I was all by myself.  Mitch was already headed up the mountain on his ride.  I had my music on without headphones, the logic being that it would be my anti-bear noise.  Just as I got out of the campgrounds and heading up I could hear cracking in the woods next to me.  I turned the music off and decided that I would rather hear if something were coming.  I had packed the bear spray in the front pouch of my vest, by the way.  There is some construction on the pass as crews work to secure the landslide/rock fall areas before opening weekend.  At about 3/4 mile up, a big truck pulled up next to me and warned me that a bear had just crossed the road behind me (guess what that cracking noise in the forest was).  For the rest of the way up, that bear spray was in my hand with the safety off.  The first miles were scary.  My senses were on hyper drive and I was paranoid.  Eventually, I started running by the work crews here and there and that helped me feel better.

The pass climbs with switchbacks.  A couple of times I could see Mitch above me and we played waving games.  I walked a LOT.  I had definitely underestimated the difficulty of the elevation gain.  But the view was pretty spectacular (I wish I had taken more photos).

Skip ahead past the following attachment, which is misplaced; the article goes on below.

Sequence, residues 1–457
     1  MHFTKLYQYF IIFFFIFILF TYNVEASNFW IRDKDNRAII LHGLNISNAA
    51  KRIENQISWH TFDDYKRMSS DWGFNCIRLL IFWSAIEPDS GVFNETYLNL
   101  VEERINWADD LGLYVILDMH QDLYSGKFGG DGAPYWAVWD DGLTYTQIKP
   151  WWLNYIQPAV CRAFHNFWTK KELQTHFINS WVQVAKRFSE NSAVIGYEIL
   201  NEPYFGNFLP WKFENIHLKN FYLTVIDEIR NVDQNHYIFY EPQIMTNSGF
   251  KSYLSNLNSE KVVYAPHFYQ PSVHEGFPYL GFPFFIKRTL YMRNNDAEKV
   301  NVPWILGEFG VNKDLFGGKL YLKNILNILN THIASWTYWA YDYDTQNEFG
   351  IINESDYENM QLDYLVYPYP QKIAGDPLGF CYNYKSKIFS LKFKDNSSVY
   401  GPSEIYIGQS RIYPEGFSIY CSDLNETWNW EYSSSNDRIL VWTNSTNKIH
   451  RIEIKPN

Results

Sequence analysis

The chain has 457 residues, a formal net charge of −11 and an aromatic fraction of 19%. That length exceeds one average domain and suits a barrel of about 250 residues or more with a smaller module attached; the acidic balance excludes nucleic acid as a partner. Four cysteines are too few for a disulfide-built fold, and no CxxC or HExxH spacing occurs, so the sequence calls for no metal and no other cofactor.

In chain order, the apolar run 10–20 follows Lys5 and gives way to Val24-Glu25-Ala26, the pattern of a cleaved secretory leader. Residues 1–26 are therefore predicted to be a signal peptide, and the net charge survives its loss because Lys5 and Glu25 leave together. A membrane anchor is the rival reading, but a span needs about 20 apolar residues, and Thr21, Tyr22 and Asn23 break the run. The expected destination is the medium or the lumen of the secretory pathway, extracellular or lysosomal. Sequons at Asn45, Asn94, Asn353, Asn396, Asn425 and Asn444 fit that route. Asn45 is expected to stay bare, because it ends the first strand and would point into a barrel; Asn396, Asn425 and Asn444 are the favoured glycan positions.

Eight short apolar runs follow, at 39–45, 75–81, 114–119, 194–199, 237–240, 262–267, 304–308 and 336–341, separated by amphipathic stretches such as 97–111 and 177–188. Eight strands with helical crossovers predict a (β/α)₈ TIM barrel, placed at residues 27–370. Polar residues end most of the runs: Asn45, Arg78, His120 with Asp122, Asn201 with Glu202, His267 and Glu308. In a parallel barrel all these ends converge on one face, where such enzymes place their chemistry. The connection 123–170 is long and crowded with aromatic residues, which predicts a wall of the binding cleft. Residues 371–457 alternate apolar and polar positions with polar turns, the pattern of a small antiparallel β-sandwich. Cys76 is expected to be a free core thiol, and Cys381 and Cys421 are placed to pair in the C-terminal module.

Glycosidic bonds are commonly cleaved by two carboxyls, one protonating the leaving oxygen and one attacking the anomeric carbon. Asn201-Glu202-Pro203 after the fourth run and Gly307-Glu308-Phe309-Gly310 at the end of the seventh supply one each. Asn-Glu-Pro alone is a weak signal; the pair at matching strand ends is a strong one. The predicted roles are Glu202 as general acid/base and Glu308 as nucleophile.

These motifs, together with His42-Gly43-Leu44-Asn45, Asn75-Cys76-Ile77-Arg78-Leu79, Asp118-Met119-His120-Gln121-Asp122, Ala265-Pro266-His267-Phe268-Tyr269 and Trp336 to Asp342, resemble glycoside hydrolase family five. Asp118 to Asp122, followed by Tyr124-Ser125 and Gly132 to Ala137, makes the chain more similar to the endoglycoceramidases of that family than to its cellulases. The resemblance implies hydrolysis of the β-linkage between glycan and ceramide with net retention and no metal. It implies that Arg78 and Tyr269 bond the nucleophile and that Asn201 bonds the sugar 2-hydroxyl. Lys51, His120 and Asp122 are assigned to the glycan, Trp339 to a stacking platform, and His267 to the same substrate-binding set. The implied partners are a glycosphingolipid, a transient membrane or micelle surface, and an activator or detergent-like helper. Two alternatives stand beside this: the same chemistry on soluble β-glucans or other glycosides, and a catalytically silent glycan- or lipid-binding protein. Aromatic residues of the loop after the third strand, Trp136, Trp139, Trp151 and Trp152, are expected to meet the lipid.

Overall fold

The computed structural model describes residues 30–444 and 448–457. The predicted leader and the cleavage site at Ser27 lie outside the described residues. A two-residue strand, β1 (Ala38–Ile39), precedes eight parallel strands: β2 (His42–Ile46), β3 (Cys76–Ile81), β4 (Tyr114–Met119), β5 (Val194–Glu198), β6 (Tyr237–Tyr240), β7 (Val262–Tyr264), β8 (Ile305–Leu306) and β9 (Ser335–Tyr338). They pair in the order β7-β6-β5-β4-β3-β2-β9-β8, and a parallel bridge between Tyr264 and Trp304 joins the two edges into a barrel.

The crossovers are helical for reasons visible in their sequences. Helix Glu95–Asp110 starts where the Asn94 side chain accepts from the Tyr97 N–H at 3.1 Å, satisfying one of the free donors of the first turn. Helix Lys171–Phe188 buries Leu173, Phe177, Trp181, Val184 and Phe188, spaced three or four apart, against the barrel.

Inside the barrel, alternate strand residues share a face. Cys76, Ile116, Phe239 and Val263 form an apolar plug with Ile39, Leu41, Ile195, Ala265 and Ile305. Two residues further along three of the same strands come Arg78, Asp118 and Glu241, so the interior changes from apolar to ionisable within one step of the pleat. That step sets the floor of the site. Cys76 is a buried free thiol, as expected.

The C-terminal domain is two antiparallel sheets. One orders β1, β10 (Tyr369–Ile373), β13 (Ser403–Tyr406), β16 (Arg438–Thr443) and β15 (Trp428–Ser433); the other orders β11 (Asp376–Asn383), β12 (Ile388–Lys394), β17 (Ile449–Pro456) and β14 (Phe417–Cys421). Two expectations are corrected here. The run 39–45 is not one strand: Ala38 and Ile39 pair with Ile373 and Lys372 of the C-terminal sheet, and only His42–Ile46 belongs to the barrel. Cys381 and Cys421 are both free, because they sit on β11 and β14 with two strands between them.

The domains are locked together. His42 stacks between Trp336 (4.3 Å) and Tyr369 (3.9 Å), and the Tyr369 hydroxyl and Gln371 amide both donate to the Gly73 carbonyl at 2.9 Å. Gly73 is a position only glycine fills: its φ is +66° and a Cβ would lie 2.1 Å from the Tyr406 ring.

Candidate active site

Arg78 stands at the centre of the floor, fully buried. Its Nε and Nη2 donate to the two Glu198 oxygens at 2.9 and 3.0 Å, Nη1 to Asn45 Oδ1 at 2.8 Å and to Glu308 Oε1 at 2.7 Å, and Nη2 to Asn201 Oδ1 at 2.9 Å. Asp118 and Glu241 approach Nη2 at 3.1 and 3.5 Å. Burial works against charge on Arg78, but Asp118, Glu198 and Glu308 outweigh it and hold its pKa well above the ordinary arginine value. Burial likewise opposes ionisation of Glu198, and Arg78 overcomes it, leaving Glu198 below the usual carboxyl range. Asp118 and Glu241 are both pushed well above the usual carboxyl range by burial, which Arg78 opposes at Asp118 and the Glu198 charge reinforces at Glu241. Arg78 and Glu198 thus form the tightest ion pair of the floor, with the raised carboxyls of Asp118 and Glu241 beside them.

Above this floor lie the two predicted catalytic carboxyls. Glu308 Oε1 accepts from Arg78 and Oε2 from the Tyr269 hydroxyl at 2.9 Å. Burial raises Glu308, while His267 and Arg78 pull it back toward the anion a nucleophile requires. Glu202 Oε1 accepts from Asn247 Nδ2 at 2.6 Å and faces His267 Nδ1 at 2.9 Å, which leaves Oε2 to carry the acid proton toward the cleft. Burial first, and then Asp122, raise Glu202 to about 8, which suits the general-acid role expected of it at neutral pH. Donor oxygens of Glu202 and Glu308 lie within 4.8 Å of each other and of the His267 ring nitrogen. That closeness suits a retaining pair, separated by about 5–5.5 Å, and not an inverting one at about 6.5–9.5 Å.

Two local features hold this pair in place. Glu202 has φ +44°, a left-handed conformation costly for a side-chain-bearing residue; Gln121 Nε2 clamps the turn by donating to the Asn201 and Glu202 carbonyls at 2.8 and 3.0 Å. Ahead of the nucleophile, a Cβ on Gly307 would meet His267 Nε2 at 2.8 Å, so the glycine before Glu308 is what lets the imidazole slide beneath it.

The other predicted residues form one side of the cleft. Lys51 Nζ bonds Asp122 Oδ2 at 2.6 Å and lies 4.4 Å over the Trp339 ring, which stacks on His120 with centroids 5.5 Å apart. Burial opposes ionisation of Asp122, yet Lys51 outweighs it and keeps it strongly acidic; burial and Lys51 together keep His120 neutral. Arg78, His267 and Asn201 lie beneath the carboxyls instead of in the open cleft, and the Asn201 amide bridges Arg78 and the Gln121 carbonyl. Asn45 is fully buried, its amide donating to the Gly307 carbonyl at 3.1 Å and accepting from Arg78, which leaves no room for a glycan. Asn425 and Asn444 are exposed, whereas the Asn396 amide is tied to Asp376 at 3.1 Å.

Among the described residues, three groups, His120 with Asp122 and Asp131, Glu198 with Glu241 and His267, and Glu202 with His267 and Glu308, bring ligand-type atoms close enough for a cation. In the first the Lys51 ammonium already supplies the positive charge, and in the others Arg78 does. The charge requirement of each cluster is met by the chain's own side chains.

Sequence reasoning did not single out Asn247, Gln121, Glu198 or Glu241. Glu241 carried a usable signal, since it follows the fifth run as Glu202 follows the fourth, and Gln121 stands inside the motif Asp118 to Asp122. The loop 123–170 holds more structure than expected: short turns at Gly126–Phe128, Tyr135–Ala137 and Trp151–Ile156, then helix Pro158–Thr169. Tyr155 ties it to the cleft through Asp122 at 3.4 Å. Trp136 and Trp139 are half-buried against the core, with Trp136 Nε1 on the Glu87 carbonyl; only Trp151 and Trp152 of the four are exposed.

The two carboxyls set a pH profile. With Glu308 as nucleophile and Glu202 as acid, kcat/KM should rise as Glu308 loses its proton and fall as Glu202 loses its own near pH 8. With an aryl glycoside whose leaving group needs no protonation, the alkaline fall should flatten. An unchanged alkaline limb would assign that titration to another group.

At about eight miles up there was a crazy loud boom.  I could even feel it in the ground beneath my feet.  I wheeled around looking for the thunder clouds, fearing what a dreadful descent I would have if a storm barreled down on me.  At that perfect moment, Mitch came riding back down.  I was still about a mile from the lookout but neither of us knew what had made the sound.  I decided it was best to head back.  Mitch later asked a construction guy about the boom.  Turns out they were doing controlled avalanches on the mountain above us.

This was just before I turned back.  I had trekked 2,000 feet up in 8 miles (yep, that's bear spray in my hand... and thankfully Mitch put it in his pocket after this.  I hate carrying things in my hands while I'm running).

My legs were so tired after the ascent that even when I headed down it was hard.  But I do love a good down hill run!